Discharge Instructions for Newborn Jaundice
Your baby has been diagnosed with jaundice. This is a short-term condition. Jaundice happens when your baby’s liver is still immature and isn't able to help the body get rid of enough bilirubin. Bilirubin is a substance that is found in the red blood cells. It can build up in the blood after your baby is born. This is part of the normal breakdown of red blood cells. But if bilirubin levels become too high, they can be dangerous to your baby's developing brain and nervous system. That is why it is important to check babies who have signs of jaundice to make sure the bilirubin level does not become unsafe.
An immature liver is normal at this stage of your baby’s growth. Your baby's liver should quickly begin to activate the proteins needed to remove bilirubin from the body. Almost half of all babies show some signs of jaundice, such as yellow skin or eyes. There are other causes for abnormal jaundice in newborns, so your baby's healthcare provider will closely follow your baby's health until the jaundice goes away.
Watch your baby for signs of jaundice returning or getting worse:
Your baby’s skin or the whites of the eyes turn yellow.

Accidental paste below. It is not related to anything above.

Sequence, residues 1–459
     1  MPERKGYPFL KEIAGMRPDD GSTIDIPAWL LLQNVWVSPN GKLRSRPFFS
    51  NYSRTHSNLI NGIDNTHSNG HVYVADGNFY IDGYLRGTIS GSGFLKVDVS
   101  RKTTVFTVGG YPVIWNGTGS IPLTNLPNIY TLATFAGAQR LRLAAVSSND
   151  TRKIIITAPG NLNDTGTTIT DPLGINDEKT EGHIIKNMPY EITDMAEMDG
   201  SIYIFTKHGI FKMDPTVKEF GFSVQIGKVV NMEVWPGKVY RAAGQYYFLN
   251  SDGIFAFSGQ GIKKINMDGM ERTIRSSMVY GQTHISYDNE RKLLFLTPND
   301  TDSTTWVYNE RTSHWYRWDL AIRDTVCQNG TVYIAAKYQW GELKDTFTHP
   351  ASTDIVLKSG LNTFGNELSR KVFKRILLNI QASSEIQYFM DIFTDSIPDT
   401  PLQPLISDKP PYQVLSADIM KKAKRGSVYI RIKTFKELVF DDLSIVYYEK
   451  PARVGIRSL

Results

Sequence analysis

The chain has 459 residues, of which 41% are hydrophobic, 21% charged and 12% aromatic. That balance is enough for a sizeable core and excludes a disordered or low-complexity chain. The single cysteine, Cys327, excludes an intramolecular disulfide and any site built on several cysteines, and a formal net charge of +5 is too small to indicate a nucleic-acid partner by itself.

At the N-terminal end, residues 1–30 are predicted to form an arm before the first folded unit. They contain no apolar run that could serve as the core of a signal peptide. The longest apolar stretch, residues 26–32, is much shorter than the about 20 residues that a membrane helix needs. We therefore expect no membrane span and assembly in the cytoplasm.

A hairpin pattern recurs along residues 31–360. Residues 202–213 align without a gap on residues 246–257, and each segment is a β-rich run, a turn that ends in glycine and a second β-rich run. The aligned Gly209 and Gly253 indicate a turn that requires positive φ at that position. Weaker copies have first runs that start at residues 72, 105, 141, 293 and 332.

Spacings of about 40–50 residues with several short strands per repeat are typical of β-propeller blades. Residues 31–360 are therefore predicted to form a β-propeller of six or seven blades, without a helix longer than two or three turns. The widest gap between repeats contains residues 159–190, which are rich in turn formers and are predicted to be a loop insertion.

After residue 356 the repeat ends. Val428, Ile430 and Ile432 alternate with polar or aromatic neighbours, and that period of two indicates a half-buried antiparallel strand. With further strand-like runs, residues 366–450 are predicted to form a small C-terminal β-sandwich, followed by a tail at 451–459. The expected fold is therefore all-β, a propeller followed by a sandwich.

If jaundice gets worse, the yellow color will move from the eyes to your baby's face. Then it will move down your baby's body toward the feet.
Breastfeed your baby often, at least 8 to 12 times every 24 hours. (Most babies with jaundice get better after eating for several days because the bilirubin is removed from the body in the stools.)
Talk with your baby's healthcare provider about feedings if you are bottle-feeding your baby.
Arrange to have "bili lights" at home if your baby's healthcare provider recommends it. They can help your baby's body properly break down the bilirubin if the levels are too high.
When to call your baby's healthcare provider
Call your baby's healthcare provider if your baby:
Is not interested in feeding at least 8 to 12 times every 24 hours
Has pale skin
Has pale or grayish stool or bowel movements
Has jaundice that gets worse (yellow color moving toward the feet)
Has jaundice that does not improve by 2 weeks of age
Has a fever
Is fussy or crying a lot
Has fewer wet or soiled diapers per day than expected. As a general rule, newborns who are getting enough milk will be stooling 3 to 4 times a day by their fourth day of life. Their stool should be yellow rather than black, brown, or green by day 5. They will probably also have at least one wet diaper for each day of age in the first week (one the first day, two the second day, and so on).
November 19, 2017
Clinical manifestations of unconjugated hyperbilirubinemia in term and late preterm infants, UpToDate., Maisels, JM. Hyperbilirubinemia in the Newborn Infant > 35 Weeks' Gestation: An Update With Clarifications. Pediatrics (2009); 124(4); pp. s1193-s1198, Pathogenesis and etiology of unconjugated hyperbilirubinemia in the newborn, UpToDate., Patient Information: Jaundice in Babies (The Basics). UptoDate, Treatment of unconjugated hyperbilirubinemia in term and late preterm infants, UpToDate.
Freeborn, Donna, PhD, CNM, FNP,Lee, Kimberly G., MD, MSc, IBCLC